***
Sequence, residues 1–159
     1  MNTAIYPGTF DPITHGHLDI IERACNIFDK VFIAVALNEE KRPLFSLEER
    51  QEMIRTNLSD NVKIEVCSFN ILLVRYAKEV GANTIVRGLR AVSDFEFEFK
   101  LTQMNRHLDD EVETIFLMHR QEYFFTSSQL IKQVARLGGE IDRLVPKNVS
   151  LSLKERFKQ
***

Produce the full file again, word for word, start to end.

Sequence, residues 1–159
     1  MNTAIYPGTF DPITHGHLDI IERACNIFDK VFIAVALNEE KRPLFSLEER
    51  QEMIRTNLSD NVKIEVCSFN ILLVRYAKEV GANTIVRGLR AVSDFEFEFK
   101  LTQMNRHLDD EVETIFLMHR QEYFFTSSQL IKQVARLGGE IDRLVPKNVS
   151  LSLKERFKQ